David R. Henderson

Research Fellow
Biography: 

David R. Henderson is a research fellow with the Hoover Institution. He is also a professor of economics at the Naval Postgraduate School in Monterey, California.

Henderson's writing focuses on public policy. His specialty is in making economic issues and analyses clear and interesting to general audiences. Two themes emerge from his writing: (1) that the unintended consequences of government regulation and spending are usually worse than the problems they are supposed to solve and (2) that freedom and free markets work to solve people's problems.

David Henderson is the editor of The Concise Encyclopedia of Economics (Warner Books, 2007), a book that communicates to a general audience what and how economists think. The Wall Street Journal commented, "His brainchild is a tribute to the power of the short, declarative sentence." The encyclopedia went through three printings and was translated into Spanish and Portuguese. It is now online at the Library of Economics and Liberty. He coauthored Making Great Decisions in Business and Life (2006). Henderson's book, The Joy of Freedom: An Economist's Odyssey (Financial Times Prentice Hall, 2001), has been translated into Russian. Henderson also writes frequently for the Wall Street Journal and Fortune and, from 1997 to 2000, was a monthly columnist with Red Herring, an information technology magazine. He currently serves as an adviser to LifeSharers, a nonprofit network of organ and tissue donors.

Henderson has been on the faculty of the Naval Postgraduate School since 1984 and a research fellow with Hoover since 1990. He was the John M. Olin Visiting Professor with the Center for the Study of American Business at Washington University in St. Louis in 1994; a senior economist for energy and health policy with the President's Council of Economic Advisers from 1982 to 1984; a visiting professor at the University of Santa Clara from 1980 to 1981; a senior policy analyst with the Cato Institute from 1979 to 1980; and an assistant professor at the University of Rochester's Graduate School of Management from 1975 to 1979.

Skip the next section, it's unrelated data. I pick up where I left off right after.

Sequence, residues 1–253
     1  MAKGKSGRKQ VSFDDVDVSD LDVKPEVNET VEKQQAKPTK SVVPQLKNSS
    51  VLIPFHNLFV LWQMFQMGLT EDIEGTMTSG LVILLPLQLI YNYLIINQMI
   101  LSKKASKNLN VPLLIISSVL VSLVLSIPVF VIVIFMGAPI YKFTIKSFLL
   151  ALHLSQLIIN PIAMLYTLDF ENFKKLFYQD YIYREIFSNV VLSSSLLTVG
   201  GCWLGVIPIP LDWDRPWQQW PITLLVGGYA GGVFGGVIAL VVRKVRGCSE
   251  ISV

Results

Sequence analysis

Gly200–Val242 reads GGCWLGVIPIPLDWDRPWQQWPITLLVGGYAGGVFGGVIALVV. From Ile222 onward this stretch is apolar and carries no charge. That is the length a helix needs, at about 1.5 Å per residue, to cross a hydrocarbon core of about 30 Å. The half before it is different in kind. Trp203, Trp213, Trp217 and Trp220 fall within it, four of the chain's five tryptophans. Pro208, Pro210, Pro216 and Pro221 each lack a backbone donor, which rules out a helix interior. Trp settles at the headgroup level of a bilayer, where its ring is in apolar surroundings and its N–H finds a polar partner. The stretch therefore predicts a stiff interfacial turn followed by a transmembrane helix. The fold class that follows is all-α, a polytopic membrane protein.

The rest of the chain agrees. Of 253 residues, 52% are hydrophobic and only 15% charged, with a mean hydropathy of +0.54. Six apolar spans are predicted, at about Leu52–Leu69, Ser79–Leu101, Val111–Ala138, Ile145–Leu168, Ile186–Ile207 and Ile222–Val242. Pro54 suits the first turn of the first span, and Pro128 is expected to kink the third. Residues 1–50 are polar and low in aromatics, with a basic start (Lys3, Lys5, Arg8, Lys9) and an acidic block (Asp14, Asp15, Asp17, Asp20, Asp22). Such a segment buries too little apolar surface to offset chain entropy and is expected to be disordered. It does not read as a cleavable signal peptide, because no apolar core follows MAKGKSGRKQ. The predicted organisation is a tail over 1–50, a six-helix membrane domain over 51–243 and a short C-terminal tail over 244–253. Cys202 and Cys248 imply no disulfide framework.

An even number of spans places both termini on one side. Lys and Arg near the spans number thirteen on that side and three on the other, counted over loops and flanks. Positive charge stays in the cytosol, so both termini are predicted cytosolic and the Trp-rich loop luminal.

In 1997, he received the Rear Admiral John Jay Schieffelin Award for excellence in teaching from the Naval Postgraduate School. In 1984, he won the Mencken Award for best investigative journalism article for his Fortune article "The Myth of MITI."

Henderson has written for the New York Times, Barron's, Fortune, the Los Angeles Times, the Chicago Tribune, Public Interest, the Christian Science Monitor, National Review, the New York Daily News, the Dallas Morning News, and Reason. He has also written scholarly articles for the Journal of Policy Analysis and Management, the Journal of Monetary Economics, Cato Journal, Regulation, Contemporary Policy Issues, and Energy Journal.

Henderson has spoken before a wide variety of audiences, including the American Farm Bureau Federation, the Chicago Council on Foreign Relations, the St. Louis Discussion Club, the Commonwealth Club of California (National Defense and Business Economics Section), the Cato Institute, and the Heritage Foundation. He has also spoken to economists and general audiences at many universities around the country, including Carnegie-Mellon, Brown, the University of California, Berkeley, the University of California, Davis, the University of Rochester, the University of Chicago, Harvard University's John F. Kennedy School, and the Hoover Institution. He has given papers at annual conferences held by the American Economics Association, the Western Economics Association, and the Association of Public Policy and Management. He has testified before the House Ways and Means Committee, the Senate Armed Services Committee, and the Senate Committee on Labor and Human Resources. He has also appeared on the O'Reilly Factor (Fox News), C-SPAN, CNN, the Newshour with Jim Lehrer, CNBC Squawk Box, MSNBC, BBC, CBC, the Fox News Channel, RT, and regional talk shows.